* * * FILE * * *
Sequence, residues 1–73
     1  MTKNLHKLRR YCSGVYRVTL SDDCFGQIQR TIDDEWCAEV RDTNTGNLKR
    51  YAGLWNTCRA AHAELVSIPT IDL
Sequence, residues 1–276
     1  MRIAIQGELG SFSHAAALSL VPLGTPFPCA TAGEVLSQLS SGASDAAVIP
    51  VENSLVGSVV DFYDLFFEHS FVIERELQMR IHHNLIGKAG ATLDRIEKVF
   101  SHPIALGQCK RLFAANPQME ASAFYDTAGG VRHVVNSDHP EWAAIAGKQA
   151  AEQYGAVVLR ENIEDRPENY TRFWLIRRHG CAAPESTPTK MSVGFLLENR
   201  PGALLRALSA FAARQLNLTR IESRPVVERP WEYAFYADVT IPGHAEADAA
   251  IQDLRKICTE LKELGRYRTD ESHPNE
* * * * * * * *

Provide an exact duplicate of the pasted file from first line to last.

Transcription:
Sequence, residues 1–73
     1  MTKNLHKLRR YCSGVYRVTL SDDCFGQIQR TIDDEWCAEV RDTNTGNLKR
    51  YAGLWNTCRA AHAELVSIPT IDL
Sequence, residues 1–276
     1  MRIAIQGELG SFSHAAALSL VPLGTPFPCA TAGEVLSQLS SGASDAAVIP
    51  VENSLVGSVV DFYDLFFEHS FVIERELQMR IHHNLIGKAG ATLDRIEKVF
   101  SHPIALGQCK RLFAANPQME ASAFYDTAGG VRHVVNSDHP EWAAIAGKQA
   151  AEQYGAVVLR ENIEDRPENY TRFWLIRRHG CAAPESTPTK MSVGFLLENR
   201  PGALLRALSA FAARQLNLTR IESRPVVERP WEYAFYADVT IPGHAEADAA
   251  IQDLRKICTE LKELGRYRTD ESHPNE